As we hit home stretch for next session, the finance midterm looms ahead. Before that, we have our SABRE Period 1 decisions due tomorrow. Teams that did well need to remember to keep their eyes on the ball, and the teams that didn't .. well, need to get their act together and reverse their fortunes. The CFA GIRC team had our report for the Western regional finals due last week and the presentation happens in a few days time, so its been crazy scheduling that in the middle of other deliverables for school. It was a great learning experience about the semiconductor industry, performing public comparable valuation, DCF analysis etc. to the extent one could given the time constraints. Another illustration of the importance of being careful in what one wishes for, and being prepared to handle the consequences of realizing that wish.

Wednesday, February 16, 2011

Missing the forest for the trees...

This has been the longest lag so far between a session and an update about it. And rightfully so. This is probably the busiest two weeks in the program so far, without a single exam at the end of it.

Last session was over even before it began. We had our marketing case reports due for the elBulli case. In addition to coming up with interesting business ideas for Adria to ponder over, creative classmates such as my learning team buddy and superstar Arif used Adobe After Effects to create ads for a new restaurant that Adria could start in Barcelona. The fact that the ad was excellent could be summarized by the response from one classmate who thought that we had just downloaded that ad from the elBulli website! Thanks to our classmate Leo, we had two really engaging and inspiring speakers last session, the CEO of EmberClear and a parter from KPCB. Albert, the CEO of EmberClear, was amazingly articulate about the business case behind gasification of coal as the next incremental technology innovation in energy that will drive billions of dollars of business. He recommended that all of us look at incremental changes rather than totally radical ideas such as "cleantech".

Did I mention that we also had our first final for the Term? OPIM got done with a crisp, two-hour final exam from Christian. We also had our first session of MKTG 622, which is the marketing management strategy class. Patti Williams will be spending the next few sessions with us as we rattle our SABREs and learn the material by building a company. All the Wharton MBAs are divided into several worlds of 6 companies each. Each company is a team of 5 people and sells two brands of a particular product in its own world. Given a lot of market reserarch, production planning, sales, distribution, forecasting and other data, each team has to decide what its best strategy for growth is. The game is played over 6 periods of decision making where one uses a software called SABRE to fight it out. May the best team win!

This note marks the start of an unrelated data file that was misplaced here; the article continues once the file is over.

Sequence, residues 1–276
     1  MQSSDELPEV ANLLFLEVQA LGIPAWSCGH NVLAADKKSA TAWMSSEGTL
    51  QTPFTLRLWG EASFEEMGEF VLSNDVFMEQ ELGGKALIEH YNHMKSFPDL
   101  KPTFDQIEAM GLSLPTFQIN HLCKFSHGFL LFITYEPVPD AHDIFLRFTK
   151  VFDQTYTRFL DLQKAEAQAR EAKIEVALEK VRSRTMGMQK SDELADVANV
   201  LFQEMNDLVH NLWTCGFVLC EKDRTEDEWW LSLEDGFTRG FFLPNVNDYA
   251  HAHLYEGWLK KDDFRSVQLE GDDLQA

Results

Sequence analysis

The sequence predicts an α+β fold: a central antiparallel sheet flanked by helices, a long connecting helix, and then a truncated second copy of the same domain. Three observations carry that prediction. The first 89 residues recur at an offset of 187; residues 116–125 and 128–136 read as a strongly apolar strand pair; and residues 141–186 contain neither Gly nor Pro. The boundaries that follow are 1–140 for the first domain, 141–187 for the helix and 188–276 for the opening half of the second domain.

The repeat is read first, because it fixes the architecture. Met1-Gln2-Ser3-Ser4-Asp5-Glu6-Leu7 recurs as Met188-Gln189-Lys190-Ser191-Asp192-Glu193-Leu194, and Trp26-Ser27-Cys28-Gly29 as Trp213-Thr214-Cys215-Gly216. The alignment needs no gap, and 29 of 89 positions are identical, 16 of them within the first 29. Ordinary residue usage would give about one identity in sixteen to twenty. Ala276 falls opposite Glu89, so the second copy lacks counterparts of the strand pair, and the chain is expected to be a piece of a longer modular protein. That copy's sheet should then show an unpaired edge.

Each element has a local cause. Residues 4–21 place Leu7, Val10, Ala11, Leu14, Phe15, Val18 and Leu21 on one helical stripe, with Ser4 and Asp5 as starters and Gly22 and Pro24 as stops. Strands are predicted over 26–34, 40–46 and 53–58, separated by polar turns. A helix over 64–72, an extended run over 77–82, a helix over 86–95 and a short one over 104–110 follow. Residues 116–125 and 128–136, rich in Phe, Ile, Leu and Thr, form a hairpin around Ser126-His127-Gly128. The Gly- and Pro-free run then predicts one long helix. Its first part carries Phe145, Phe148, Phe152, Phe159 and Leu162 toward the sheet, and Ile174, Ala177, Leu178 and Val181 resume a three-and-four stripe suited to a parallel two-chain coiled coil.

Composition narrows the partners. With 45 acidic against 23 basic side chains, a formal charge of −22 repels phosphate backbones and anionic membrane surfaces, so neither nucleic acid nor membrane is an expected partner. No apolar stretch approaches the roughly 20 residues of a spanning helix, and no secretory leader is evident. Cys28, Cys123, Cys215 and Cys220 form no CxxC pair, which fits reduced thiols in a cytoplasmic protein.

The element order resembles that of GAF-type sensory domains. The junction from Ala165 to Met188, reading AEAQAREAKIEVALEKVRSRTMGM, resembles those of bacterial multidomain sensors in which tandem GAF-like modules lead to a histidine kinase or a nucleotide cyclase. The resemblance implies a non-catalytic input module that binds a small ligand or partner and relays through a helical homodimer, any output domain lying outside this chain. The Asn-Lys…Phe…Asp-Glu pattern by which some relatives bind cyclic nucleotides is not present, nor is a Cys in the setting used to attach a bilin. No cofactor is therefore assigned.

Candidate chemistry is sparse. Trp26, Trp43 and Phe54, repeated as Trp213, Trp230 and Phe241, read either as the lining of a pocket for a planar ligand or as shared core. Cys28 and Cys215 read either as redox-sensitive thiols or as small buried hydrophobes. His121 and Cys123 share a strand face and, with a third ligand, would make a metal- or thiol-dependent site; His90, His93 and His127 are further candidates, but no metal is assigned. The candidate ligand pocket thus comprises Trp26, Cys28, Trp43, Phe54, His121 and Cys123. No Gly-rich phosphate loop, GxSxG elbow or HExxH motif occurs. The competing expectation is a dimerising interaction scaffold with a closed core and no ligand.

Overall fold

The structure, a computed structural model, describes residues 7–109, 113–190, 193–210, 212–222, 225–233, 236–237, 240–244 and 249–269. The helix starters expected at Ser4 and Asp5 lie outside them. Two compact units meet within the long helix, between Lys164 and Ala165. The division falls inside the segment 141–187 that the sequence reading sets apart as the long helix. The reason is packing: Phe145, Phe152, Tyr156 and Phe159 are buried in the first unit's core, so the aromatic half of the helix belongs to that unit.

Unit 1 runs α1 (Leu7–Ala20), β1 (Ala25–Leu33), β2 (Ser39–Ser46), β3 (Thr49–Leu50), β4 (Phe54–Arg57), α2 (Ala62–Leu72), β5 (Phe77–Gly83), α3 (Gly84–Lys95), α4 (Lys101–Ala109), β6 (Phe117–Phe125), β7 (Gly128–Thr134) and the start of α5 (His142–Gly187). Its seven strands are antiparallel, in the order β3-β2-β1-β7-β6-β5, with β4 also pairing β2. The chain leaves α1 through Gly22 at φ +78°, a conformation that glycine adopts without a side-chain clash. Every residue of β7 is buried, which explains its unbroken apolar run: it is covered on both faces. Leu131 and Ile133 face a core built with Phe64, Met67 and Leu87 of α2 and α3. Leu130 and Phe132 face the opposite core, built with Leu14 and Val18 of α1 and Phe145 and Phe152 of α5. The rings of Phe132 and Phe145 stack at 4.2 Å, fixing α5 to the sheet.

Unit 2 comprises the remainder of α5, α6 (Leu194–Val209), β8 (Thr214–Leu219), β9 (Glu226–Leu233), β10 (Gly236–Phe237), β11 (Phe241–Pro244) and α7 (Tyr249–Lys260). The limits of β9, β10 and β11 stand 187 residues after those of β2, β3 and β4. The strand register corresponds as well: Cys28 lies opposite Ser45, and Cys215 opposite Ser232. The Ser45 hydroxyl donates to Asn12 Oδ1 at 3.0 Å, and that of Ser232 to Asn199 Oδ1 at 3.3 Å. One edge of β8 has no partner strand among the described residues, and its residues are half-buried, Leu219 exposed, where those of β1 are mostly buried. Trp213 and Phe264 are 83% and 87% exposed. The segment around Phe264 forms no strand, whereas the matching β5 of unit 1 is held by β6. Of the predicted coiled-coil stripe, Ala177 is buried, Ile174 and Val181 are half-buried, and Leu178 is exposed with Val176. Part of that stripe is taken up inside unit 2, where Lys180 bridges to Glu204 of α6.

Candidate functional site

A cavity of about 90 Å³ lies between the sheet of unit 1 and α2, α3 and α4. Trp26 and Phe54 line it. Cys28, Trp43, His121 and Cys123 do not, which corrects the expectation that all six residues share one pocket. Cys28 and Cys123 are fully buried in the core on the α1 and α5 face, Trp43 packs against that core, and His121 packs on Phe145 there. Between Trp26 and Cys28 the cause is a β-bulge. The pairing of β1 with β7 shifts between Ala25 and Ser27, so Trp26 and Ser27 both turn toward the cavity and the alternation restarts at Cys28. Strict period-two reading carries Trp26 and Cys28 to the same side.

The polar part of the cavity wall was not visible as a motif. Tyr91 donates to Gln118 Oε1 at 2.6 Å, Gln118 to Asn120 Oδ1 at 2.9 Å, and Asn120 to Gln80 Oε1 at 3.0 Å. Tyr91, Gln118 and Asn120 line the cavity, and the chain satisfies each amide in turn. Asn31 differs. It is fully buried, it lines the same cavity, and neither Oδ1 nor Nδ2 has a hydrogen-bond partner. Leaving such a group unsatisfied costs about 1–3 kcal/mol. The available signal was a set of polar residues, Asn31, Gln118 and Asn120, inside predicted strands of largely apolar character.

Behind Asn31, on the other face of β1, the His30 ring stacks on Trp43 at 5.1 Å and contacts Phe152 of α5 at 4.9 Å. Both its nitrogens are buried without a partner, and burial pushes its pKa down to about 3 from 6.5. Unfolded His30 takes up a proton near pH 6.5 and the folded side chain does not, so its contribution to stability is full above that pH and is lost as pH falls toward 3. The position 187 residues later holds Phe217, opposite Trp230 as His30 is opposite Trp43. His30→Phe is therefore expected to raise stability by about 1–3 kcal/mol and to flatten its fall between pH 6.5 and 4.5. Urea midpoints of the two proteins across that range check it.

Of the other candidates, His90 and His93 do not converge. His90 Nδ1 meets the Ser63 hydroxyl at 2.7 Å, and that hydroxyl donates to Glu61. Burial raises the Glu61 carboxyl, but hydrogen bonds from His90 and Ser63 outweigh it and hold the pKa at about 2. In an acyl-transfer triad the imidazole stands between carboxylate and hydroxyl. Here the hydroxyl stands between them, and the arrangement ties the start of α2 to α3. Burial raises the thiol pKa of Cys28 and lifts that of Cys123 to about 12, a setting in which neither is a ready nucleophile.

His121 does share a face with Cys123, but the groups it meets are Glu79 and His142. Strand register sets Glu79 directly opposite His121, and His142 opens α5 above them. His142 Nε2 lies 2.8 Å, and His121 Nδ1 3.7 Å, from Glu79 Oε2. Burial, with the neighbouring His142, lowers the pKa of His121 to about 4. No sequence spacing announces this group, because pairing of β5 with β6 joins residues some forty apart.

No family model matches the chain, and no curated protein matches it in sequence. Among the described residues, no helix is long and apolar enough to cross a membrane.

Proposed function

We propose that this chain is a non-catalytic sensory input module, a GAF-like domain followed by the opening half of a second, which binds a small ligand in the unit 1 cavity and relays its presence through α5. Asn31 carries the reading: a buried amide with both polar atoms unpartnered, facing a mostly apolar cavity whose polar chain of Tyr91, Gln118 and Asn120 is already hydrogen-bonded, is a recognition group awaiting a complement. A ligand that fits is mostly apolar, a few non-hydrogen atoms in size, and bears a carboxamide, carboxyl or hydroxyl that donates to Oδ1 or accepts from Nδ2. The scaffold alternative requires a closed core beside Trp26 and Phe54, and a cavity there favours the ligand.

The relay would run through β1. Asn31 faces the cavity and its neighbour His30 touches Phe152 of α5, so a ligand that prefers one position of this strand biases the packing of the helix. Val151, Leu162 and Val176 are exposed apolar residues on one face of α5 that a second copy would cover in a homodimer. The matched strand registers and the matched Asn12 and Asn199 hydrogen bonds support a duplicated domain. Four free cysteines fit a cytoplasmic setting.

Coming back to why these two weeks are hard. We had the first set of SABRE decisions due a few days ago. There are two cases due in David Bell's marketing management class and one due in the finance class. For the communications class we are supposed to read a case and record a video presenting a defense to the media about the situation presented. We are supposed to do this as teams of two, critiquing each others work, which is due for recording this weekend as well. Oh and did I mention that those of us that are participating in the GIRC investment research challenge have our reports due this weekend? And GCP folks have their Devil's Advocate round coming up soon as well. Those of us with busy jobs or kids at home can also bid goodbye to sleep for these two weeks. Would this explain the record turnout for our weekly lunch meeting in South Bay today where 10 of us showed up to commiserate over each others' predicaments.

In the middle of all this, it is easy to get bogged down in the details of the case materials presented. Be it SABRE, or the Webvan case in marketing or the New Heritage Doll case in Finance, there is much more data that what someone could potentially use in their analysis. In fact without getting some perspective from the conjoint study data and perceptual maps in SABRE, one can get lost navigating all the other pieces of information there. As part of the Webvan case, Prof. Bell uploaded a few of his interesting research papers for reference. For the engineer in me, it was fascinating to see how Bayesian spatiotemporal models and discrete time hazard models were being used to analyze how an online retailer such as Netgrocer could have increased their customer base. Again, lots of data, lots of math, but a few key intuitions that guide the analysis.

So term 3, at its midpoint, seems to be about sifting through the muddy waters of detail to arrive at key insights. About not missing the forest for the trees. For data obsessed engineers such as myself, it seems to be about seeing data as a means to an end, not an end in itself. At a more philosophical level, it is about seeing where the trees of coursework and homework fit within the larger, more beautiful forest of life filled with the cheer of near and dear ones, Valentine's Days, chasing toddlers and smiling newborns.